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Pharmacy inspections

Inspection reports and learning from inspections

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Effectively using near miss records and regular reviews to reduce the risk of mistakes being made.

Pharmacy type


Pharmacy context

This is a supermarket pharmacy. It sells over-the-counter medicines and dispenses NHS and private prescriptions. The pharmacy team offers advice to people about minor illnesses and long-term conditions. The pharmacy offers a range of NHS services. It also supplies medicines in multi-compartment compliance aids to people living in their own homes.

Relevant standards

  • 1.1 - The risks associated with providing pharmacy services are identified and managed
  • 1.2 - The safety and quality of pharmacy services are regularly reviewed and monitored
  • 2.4 - There is a culture of openness, honesty and learning

Why this is notable practice

The pharmacy has effective processes for reviewing any mistakes it makes. And it takes action to prevent them from happening again. Team members reflect on whether the learning and improvements from previous reviews have been sustained. And they continue to look for new ways to improve the safety and effectiveness of the pharmacy’s services.

How the pharmacy did this

The pharmacy kept records of all of its mistakes. And the responsible pharmacist (RP) reviewed them each month. The RP stored the monthly reviews alongside the pharmacy’s records of its mistakes. And of the actions identified at the time to achieve improvement. When completing the monthly review, the RP looked at previous reviews and action plans to check that the actions had been implemented. And to check that any changes made had been effective.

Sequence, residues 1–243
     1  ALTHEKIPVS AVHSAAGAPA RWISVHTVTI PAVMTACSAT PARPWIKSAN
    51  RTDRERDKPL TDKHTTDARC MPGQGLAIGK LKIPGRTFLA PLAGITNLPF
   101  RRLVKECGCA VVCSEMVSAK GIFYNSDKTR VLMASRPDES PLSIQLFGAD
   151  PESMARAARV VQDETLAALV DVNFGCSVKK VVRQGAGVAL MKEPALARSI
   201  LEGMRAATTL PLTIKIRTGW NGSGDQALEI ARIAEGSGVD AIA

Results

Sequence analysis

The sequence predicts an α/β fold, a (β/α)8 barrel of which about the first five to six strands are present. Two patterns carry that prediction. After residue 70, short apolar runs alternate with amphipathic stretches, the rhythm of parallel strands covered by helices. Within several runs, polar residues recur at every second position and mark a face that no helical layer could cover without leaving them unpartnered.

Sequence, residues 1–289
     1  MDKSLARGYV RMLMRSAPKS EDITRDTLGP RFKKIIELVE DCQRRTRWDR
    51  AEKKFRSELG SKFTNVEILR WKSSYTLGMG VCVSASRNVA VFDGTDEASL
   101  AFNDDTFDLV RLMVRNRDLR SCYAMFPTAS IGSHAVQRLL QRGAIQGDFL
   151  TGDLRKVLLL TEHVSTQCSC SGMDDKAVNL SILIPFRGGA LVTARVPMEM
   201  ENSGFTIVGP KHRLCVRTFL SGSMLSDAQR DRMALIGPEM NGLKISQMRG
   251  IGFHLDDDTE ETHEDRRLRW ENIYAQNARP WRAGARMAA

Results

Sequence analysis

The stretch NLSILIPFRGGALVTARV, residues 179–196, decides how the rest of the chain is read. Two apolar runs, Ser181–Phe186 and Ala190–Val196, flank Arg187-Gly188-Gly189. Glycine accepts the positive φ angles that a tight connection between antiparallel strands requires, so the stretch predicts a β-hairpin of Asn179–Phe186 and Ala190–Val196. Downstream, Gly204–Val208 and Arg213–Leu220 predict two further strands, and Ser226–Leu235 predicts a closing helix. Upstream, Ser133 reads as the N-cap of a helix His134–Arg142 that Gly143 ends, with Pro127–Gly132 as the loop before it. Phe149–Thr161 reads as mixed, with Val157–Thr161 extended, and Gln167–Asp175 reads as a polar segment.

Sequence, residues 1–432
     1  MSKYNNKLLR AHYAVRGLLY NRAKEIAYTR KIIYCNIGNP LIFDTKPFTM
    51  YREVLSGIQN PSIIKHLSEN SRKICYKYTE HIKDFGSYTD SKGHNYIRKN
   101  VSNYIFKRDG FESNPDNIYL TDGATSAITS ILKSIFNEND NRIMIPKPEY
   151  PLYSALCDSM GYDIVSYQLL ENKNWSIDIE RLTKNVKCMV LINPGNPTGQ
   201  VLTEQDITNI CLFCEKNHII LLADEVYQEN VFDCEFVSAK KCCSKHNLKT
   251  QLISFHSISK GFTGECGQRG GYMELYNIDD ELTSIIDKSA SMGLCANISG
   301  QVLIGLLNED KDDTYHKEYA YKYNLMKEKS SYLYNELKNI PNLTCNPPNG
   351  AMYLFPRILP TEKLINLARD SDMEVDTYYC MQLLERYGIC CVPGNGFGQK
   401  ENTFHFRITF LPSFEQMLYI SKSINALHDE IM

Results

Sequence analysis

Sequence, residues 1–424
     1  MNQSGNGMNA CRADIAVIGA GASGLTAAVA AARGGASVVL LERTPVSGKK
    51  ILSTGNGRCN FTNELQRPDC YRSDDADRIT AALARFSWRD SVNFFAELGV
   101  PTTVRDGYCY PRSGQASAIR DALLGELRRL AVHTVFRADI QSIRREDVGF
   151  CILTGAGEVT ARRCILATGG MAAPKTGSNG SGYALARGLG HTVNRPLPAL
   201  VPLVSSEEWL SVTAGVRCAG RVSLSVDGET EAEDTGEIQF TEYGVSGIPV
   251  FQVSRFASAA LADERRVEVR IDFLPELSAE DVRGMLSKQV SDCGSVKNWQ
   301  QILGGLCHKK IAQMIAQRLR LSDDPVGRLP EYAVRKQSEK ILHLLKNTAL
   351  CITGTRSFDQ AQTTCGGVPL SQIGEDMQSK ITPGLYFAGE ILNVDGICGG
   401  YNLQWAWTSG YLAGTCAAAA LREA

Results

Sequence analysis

In previous months, there had been an increase in mistakes involving the supply of part packs. During the review process the pharmacy had introduced several different ways to help team members to embed a quantity check into the dispensing process. But whilst the number of mistakes had reduced, they still occurred. As a result, each month the pharmacy had continued to look for new solutions to ensure that the quantities dispensed were correct. The team finally found that, for them, the most effective way of ensuring that quantities were correct was to dispense medicines that were not prescribed in complete packs, into white dispensing boxes. This had made it more obvious to the pharmacist and the person receiving the medicine that it was not a complete pack. Since making this change, mistakes of this type had significantly reduced.

What difference this made to patients

The pharmacy’s approach to conducting an effective review of its mistakes means that the patient receives a more efficient, effective and safe service.

Highlighted standards

We have identified the standards most likely and least likely to be met in inspections, and highlighted examples of notable practice for each of these standards; to help everyone learn from others and to support continuous improvement:

  1. 1.1 Risk management
  2. 1.2 Reviewing and monitoring the safety of services
  3. 4.2 Safe and effective service delivery
  4. 4.3 Sourcing and safe, secure management of medicines and devices
  5. 2.2 Staff skills and qualifications